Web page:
In "Suite for Barbara Loden" French Author Nathalie Léger Blends Fact and Fiction in her Study of the American Actress
This article is part of a series of profiles of ten Francophone authors who have been long-listed for the Albertine Prize, a reader’s choice award launched this year by the Albertine bookshop in New York. Albertine booksellers selected ten of the best French novels translated into English in the past year; US-based readers can vote between March 16 and April 30th on the Albertine site here.
By all accounts, Nathalie Léger's Suite for Barbara Loden, translated from the French by Natasha Lehrer and Cécile Menon, is a remarkable book. It is a multi-layered and intimate examination of the life of Barbara Loden, an American actress who wrote, directed and starred in the cult film Wanda, which won the Pasinetti Best Foreign Film award at the Venice Film Festival in 1970. Léger’s approach is to intertwine the life of the actress, the story of her character, Wanda, but also her own musings in a deeply melancholic account. The women in Suite for Barbara Loden set off down a lonely path towards the unknown; they are wanderers, both submissive and strong, searching for themselves.
Léger’s interest in Barbara Loden was piqued when she was began to write a short entry about Wanda for a film encyclopaedia. As she started to research the history of Wanda and its director, Loden, the material became too compelling to leave it at that, and what she discovered, in the end, became a book.
Barbara Loden was born in 1932 in a small town in North Carolina and was raised in poverty. She left for New York at age 16, where she modelled, danced at the Copacabana club, and took acting lessons. Her path was a difficult one, but ultimately she became an actress, and also Elia Kazan’s second wife. When she was in her late thirties she embarked on a filmic project in which she told her character Wanda’s story, inspired by a news item about the real-life Alma Malone, a drifter who became caught up in a bank robbery and was sentenced to twenty years in prison. Ironically, Malone was let out of prison in 1970, the year Loden’s film based on her life was released.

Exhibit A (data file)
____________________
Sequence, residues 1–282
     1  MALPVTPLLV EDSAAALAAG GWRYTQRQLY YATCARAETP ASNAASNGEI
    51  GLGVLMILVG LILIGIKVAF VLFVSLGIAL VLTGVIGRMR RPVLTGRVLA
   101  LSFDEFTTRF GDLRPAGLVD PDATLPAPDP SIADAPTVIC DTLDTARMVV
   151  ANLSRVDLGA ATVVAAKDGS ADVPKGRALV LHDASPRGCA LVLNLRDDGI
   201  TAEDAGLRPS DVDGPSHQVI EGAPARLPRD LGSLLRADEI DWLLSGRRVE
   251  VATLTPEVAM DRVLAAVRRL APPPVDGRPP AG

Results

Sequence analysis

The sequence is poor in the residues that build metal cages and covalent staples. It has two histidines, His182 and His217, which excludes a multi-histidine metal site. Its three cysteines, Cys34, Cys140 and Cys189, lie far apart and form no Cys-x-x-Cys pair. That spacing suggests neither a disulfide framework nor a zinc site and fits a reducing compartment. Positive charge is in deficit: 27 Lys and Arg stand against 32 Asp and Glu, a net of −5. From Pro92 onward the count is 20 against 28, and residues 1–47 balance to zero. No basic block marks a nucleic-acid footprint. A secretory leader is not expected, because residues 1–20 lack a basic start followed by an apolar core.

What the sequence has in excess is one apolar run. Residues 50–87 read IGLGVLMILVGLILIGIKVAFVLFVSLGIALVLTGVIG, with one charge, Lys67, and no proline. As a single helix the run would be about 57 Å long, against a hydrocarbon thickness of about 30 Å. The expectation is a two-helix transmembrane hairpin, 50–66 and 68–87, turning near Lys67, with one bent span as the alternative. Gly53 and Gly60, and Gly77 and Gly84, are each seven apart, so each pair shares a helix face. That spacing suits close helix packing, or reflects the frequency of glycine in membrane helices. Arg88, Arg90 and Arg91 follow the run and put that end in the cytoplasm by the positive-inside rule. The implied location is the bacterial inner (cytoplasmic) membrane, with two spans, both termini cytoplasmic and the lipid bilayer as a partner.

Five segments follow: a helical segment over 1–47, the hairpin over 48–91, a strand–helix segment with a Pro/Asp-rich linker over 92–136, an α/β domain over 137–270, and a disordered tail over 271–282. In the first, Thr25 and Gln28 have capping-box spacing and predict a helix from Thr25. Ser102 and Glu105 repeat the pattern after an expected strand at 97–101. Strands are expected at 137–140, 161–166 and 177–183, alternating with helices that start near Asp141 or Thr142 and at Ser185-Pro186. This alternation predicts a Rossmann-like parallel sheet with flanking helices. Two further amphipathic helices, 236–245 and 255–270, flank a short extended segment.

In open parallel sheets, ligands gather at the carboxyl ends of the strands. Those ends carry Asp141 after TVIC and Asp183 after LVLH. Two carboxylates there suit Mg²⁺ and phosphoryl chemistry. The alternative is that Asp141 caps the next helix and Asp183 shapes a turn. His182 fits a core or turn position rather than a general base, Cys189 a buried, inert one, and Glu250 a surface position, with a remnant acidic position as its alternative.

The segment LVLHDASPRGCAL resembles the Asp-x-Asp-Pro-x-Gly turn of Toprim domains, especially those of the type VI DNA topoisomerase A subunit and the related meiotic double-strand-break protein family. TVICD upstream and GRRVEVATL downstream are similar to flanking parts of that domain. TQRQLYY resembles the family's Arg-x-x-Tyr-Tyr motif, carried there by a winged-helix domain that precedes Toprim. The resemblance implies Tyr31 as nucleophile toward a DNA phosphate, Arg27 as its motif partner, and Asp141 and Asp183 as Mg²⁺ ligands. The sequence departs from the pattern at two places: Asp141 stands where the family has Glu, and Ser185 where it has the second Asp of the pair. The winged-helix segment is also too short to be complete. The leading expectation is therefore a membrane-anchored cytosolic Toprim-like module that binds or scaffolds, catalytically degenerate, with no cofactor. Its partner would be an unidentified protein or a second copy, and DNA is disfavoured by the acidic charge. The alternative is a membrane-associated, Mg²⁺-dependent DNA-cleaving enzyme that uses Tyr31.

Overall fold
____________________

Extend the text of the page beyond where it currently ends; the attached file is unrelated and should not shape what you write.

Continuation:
Although Wanda was lauded in Europe, it was less so in the US. Only ten years after she madeWanda, Loden died of breast cancer at age 48. A New York Times article quoted a letter she sent to a German documentary team in the 1970s: “There’s so much I didn’t achieve, but I tried to be independent and to create my own way...Otherwise, I would have become like Wanda, all my life just floating around.”
Léger recounts how she travelled to the US for her research, and tried, with great difficulty, to investigate Barbara Loden’s path, and wonders whether she could have simply remained in France, and imagined Loden's life. “This sadness, this melancholia were what attracted me to the character,” said Léger, in an interview with her French publisher. Other iconic women are woven into Léger’s account—Sylvia Plath, Marilyn Monroe—Arthur Miller cast Loden in his play, After the Fall, as Maggie, a character based on his former wife—and Marguerite Duras, who was one of the film Wanda’s unconditional fans.
Léger quotes Duras as saying “there is an immediate and definitive coincidence between Barbara Loden and Wanda,” and provides the reader with Loden’s remarks from an interview at the time: “Wanda’s character is based on my own life and character…Everything comes from my own experience.”
When the film was released, feminists were critical of the character’s victimization and submissiveness. But Loden was a typical woman from the 1970s, Léger show us, even recounting her own mother’s struggles, and how that generation of women fought to overcome the difficulties they faced. Léger quotes Loden interviewed in a film magazine in 1971: “That’s why I made Wanda. As a way of confirming my own existence.”
“What Barbara Loden did with her cinematic story telling, I tried to do with my writing, by prolonging the story, from one destiny to another…” said Léger.